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LONDON: Russia is preparing to plunge Europe into its worst conflict since World War II, British Prime Minister Boris Johnson has said, warning that any invasion of Ukraine would freeze Moscow out of global finance.

“The fact is that all the signs are that the plan has already in some senses begun,” he said in a BBC interview broadcast Sunday from the Munich Security Conference, after two Ukrainian soldiers were killed in attacks around rebel-held enclaves.

Russian invasion plans would see its troops not just enter Ukraine from the rebel-held east, but from Belarus to the north and encircle the capital Kyiv, Johnson said, citing US intelligence relayed to Western leaders by President Joe Biden.

“People need to understand the sheer cost in human life that could entail,” he said, after previously indicating that the West would continue to support any Ukraine resistance after an invasion.

“I’m afraid to say that the plan we are seeing is for something that could be really the biggest war in Europe since 1945, just in terms of sheer scale.”

In a speech Saturday to the conference in Germany, Johnson warned that Western sanctions in response to any invasion would make it “impossible” for President Vladimir Putin’s regime to access the City of London’s deep capital markets.

He indicated a global reach for the sanctions also involving US measures, telling the BBC that they would stop Russian companies “trading in pounds and dollars” — which he said would hit Russia “very, very hard”.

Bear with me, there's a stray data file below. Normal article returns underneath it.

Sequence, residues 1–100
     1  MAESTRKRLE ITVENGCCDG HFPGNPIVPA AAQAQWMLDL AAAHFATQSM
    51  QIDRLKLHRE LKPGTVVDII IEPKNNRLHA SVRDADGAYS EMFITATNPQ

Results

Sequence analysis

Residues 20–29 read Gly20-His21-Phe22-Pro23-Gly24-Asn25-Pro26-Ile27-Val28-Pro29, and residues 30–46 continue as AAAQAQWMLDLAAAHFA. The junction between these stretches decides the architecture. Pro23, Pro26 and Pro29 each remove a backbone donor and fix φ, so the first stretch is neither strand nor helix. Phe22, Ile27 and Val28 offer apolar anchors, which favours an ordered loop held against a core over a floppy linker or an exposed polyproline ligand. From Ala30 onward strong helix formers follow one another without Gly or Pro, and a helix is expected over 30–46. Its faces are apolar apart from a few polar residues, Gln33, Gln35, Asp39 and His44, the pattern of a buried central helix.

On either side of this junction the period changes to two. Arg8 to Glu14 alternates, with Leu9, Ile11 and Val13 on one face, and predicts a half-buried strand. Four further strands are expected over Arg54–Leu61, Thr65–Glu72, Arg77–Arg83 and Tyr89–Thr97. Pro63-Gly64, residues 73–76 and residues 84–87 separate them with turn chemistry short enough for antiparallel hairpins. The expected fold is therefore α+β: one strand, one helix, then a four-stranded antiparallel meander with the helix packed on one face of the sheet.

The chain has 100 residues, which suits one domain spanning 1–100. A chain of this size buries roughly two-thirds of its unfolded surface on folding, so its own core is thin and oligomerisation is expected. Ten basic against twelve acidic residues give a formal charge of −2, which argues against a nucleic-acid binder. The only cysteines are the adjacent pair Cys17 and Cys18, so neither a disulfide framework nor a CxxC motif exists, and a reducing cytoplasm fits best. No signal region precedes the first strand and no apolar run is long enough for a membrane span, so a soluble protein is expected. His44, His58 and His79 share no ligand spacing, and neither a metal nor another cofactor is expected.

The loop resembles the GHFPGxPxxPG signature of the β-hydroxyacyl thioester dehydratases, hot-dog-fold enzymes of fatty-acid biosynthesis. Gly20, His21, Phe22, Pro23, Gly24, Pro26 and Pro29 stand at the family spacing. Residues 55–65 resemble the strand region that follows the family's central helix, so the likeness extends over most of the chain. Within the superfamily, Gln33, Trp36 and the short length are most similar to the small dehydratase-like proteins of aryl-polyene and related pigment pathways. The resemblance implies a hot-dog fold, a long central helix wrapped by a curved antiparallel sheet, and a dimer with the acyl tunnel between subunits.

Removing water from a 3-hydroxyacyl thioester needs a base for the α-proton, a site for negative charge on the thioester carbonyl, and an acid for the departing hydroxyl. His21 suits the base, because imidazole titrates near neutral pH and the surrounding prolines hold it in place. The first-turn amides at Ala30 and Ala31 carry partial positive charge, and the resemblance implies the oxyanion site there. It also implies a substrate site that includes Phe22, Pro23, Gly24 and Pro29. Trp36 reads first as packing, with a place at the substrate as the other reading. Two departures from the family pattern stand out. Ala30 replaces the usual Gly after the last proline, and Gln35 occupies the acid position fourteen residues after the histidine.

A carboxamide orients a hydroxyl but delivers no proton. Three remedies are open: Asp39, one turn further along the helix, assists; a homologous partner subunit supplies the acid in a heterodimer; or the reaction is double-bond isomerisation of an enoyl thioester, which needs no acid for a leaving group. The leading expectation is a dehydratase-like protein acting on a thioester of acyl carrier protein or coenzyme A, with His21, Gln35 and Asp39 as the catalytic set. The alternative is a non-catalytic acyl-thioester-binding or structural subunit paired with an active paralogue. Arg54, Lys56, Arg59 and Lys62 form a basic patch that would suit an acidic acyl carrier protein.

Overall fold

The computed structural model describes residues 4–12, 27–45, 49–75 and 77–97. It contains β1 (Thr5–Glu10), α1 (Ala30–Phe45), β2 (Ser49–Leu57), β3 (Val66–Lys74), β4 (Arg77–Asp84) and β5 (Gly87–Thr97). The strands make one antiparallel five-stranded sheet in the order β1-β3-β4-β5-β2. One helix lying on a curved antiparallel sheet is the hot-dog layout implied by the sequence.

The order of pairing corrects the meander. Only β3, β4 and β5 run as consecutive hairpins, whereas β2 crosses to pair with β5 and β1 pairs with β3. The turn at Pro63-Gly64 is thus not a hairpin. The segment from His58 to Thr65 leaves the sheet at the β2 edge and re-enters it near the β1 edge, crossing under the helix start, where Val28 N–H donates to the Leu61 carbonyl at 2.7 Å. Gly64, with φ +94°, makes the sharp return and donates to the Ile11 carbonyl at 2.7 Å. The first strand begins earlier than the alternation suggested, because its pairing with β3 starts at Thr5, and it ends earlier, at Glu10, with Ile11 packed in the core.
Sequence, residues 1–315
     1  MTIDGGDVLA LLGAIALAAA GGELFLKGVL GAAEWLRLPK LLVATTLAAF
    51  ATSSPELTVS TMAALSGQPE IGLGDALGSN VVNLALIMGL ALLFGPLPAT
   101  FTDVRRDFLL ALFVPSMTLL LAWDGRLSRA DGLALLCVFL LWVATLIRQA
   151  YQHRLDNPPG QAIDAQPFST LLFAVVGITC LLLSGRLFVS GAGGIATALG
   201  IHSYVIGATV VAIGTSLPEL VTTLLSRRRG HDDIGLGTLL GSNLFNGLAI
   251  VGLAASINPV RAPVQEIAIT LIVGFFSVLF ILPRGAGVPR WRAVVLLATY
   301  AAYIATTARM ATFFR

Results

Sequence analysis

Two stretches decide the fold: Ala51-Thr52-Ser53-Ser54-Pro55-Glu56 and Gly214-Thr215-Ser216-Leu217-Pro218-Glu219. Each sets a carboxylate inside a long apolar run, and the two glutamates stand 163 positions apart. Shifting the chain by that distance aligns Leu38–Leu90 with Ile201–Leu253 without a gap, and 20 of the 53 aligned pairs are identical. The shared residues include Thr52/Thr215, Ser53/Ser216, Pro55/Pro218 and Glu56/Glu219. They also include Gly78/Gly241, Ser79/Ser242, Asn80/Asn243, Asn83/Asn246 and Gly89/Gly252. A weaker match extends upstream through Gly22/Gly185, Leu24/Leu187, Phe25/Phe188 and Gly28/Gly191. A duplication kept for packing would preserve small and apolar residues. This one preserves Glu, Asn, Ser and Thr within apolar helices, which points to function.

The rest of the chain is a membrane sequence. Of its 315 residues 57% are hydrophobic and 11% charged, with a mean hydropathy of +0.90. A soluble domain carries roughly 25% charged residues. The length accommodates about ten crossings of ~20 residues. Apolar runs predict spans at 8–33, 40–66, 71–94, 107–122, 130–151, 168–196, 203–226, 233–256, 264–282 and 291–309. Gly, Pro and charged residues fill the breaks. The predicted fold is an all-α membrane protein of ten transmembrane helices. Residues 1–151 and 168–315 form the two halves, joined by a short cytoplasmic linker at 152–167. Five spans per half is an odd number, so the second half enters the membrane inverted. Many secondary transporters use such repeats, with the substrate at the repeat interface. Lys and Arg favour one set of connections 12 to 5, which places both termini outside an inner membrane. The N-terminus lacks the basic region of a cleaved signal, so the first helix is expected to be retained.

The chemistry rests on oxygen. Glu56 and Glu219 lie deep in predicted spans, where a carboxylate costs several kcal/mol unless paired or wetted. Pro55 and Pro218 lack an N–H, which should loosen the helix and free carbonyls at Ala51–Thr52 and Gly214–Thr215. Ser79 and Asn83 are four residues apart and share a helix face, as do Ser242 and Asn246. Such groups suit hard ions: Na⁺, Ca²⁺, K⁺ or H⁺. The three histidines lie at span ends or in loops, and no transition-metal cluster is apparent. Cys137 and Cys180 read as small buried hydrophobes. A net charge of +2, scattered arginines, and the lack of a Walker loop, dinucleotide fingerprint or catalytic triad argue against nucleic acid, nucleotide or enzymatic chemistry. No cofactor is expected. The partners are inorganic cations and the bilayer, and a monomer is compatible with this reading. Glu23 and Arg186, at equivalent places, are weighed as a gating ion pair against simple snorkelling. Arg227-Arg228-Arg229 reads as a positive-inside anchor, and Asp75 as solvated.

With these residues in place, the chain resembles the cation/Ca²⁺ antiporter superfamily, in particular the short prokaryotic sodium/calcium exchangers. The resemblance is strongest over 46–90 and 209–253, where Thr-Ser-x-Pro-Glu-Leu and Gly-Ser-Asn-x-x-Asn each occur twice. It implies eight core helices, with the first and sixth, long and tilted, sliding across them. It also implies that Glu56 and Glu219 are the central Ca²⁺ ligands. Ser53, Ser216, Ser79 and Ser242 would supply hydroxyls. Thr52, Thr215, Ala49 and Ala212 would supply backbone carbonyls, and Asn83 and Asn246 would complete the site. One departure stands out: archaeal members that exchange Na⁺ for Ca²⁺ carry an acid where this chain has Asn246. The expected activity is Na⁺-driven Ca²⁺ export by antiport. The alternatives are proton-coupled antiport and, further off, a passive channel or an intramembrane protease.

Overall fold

The UK government has long been accused of turning a blind eye to lucrative flows of Russian-sourced money through London, some of which has ended up in Conservative coffers, although Johnson’s party says all its donations are legal.

The Sunday Times newspaper reported a list of elite party donors which it said had privileged access to Johnson’s government, including Lubov Chernukhin, who is married to Putin’s former deputy finance minister Vladimir Chernukhin.

Amid accusations that the Putin regime has vast wealth hidden abroad, British law on company and property ownership has also long benefited investors who want to keep their involvement a secret.

But Johnson said Saturday that Britain intended to “open up the Matryoshka dolls of Russian-owned companies and Russian-owned entities, to find the ultimate beneficiaries within”.

Foreign Secretary Liz Truss meanwhile told the Mail On Sunday newspaper that unless Russia is stopped in Ukraine, Putin would look to “turn the clock back to the mid-1990s or even before then” by possibly annexing the Baltic States and the Western Balkans.

And writing in the Sunday Telegraph, Home Secretary Priti Patel said the “effects would be felt here too” if war breaks out, pointing to past cyber “interference” against British media, telecommunications and energy infrastructure that was blamed on Russia.

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